Road closed. Diversion signs. All in the day's work for a London black cab driver and he or she will know the best alternative route to go. Follow that arrow as it points towards the stationary scooter rider and this is where that knowledge will start. To get a licence to drive a taxi in London you have to be able to find a route without looking at a map or relying on a sat nav and pass "The Knowledge". Our scooter driver is learning to do just that and is a Knowledge Boy learning the routes with his clipboard fixed to the handlebars showing the routes to be learnt that day.
He will have to learn 25,000 streets within 6 miles of Charing Cross and major arterial routes, points of interest (hospitals, hotels, theatres, squares etc), traffic signals, cross junctions, roundabouts and know what is alongside at all points. This Knowledge Boy was making notes and memorising, oblivious to the lines of traffic passing
The Knowledge test was started in 1865, the days of the hansom cab when only the clip clop of horses feet were heard in London. Today it starts with a written test and then will need at least 12 appearances (attempts at final test) after preparing for an average of 34 months learning 320 standard routes or runs in central London when the Blue Book "Guide to Learning the Knowledge of London" will be their constant companion, until they pass the exam and can gain a license to drive a taxi cab.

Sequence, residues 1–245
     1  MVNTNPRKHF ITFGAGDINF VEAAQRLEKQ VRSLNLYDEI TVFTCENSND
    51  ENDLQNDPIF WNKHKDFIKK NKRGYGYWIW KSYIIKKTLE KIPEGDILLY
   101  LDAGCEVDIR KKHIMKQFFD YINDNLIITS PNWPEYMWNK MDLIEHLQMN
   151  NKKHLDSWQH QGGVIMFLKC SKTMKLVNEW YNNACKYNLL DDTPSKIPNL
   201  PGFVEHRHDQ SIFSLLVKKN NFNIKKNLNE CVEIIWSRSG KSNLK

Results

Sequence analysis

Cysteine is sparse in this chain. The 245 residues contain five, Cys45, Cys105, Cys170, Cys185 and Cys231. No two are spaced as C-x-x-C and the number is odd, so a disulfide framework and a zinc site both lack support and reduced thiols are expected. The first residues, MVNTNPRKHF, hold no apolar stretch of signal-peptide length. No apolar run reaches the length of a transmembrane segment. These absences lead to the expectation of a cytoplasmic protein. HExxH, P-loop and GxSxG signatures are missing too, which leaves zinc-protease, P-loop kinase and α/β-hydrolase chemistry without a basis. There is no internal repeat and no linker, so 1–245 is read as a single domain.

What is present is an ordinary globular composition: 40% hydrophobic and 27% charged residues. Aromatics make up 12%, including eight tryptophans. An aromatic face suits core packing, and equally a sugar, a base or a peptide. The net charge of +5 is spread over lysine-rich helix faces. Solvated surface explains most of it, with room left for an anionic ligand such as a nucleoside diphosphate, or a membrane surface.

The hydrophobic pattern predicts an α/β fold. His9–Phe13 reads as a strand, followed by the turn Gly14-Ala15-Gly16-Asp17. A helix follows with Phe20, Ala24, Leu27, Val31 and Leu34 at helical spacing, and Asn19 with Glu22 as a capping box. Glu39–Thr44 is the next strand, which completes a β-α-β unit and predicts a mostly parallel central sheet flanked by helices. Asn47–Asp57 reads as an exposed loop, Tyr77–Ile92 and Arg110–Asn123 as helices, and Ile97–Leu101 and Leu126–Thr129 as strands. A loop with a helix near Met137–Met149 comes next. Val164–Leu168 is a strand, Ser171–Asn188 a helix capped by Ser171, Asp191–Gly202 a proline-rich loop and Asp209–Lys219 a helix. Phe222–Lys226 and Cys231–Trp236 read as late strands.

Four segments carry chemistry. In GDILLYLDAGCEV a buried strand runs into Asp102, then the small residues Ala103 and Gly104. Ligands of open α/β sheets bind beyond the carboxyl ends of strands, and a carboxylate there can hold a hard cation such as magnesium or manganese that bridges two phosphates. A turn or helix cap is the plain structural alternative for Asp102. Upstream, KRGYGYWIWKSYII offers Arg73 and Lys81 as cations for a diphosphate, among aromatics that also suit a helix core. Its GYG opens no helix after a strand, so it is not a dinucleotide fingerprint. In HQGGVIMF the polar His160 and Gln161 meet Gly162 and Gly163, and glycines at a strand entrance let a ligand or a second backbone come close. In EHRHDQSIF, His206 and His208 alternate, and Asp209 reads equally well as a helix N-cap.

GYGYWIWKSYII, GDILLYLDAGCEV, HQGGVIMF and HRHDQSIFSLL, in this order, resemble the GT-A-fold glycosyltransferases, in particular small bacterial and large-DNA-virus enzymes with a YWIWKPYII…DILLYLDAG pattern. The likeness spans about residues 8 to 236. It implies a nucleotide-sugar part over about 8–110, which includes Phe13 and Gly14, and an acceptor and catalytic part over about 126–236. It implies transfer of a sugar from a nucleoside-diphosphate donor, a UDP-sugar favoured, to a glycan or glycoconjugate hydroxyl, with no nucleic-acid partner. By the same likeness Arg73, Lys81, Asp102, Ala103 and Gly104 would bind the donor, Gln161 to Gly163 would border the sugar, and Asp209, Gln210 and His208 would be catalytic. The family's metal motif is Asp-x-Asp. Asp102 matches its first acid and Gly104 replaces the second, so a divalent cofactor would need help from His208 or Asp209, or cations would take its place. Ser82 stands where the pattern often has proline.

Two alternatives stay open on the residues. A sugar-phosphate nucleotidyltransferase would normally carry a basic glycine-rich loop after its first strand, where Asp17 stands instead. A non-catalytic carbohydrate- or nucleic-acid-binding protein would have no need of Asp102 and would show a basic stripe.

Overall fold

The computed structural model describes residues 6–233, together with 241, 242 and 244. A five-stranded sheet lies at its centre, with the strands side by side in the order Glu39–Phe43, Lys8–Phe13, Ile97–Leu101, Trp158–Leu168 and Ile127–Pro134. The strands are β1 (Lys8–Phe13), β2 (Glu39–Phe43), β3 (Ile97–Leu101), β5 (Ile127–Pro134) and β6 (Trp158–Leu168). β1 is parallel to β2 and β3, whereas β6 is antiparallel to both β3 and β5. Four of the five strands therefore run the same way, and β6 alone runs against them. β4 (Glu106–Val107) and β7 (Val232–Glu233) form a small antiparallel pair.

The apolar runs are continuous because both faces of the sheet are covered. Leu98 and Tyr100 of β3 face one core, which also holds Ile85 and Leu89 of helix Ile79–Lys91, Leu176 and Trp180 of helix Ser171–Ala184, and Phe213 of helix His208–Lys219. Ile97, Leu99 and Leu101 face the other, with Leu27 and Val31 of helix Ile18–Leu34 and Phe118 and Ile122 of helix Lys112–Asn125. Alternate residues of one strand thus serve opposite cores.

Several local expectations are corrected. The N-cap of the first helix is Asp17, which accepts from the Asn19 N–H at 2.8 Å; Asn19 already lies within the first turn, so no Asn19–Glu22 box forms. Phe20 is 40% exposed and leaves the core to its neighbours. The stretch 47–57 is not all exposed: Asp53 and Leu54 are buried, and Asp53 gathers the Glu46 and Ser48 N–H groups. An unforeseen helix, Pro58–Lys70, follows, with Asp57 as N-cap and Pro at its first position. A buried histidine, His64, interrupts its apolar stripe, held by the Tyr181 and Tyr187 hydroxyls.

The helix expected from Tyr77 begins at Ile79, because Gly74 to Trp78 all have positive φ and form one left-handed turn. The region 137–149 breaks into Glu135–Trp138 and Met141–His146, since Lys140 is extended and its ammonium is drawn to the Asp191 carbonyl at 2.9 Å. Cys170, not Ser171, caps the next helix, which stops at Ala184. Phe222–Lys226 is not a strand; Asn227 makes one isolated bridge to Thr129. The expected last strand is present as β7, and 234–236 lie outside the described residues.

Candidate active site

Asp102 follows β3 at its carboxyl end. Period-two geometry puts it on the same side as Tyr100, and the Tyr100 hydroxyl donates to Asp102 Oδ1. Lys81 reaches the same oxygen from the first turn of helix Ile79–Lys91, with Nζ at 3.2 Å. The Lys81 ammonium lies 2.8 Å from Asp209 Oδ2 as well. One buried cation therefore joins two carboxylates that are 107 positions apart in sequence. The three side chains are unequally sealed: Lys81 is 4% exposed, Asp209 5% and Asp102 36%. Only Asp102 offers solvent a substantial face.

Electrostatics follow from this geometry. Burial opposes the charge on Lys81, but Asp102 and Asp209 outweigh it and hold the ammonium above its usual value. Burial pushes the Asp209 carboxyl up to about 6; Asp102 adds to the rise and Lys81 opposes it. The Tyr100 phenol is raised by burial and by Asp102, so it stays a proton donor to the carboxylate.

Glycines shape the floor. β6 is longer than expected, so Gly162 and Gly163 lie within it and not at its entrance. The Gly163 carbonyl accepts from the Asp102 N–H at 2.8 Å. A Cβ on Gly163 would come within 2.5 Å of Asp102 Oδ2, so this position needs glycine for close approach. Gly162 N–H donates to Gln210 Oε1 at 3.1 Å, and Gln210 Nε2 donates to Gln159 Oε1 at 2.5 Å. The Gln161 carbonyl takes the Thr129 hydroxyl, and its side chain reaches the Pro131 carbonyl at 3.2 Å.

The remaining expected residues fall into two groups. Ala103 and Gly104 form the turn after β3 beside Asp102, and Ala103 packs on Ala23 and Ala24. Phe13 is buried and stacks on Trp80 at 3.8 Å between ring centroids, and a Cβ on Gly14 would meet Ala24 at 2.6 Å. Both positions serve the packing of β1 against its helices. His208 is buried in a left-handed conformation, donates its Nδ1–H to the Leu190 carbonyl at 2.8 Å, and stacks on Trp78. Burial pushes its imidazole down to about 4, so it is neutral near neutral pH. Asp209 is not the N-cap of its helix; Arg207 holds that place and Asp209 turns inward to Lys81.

Here is another Knowledge Boy where the clipboard routes of the day can be seen. I was surprising that I accidentally managed to get a better picture of this with a moving target than one that was stationary. Then I thought I would finish this post with a photo of a London black cab taxi but realised I'm usually trying to avoid cabs and cars when trying to photograph London architecture. I've got a lot of half cabs disappearing or appearing the edges of photographs but managed to find one picture where it is just in shot, taken late on a winter's afternoon.
Research has found that London taxi drivers have a larger hippocampus (the part of the brain that deals with spacial memory and navigation) than the general population.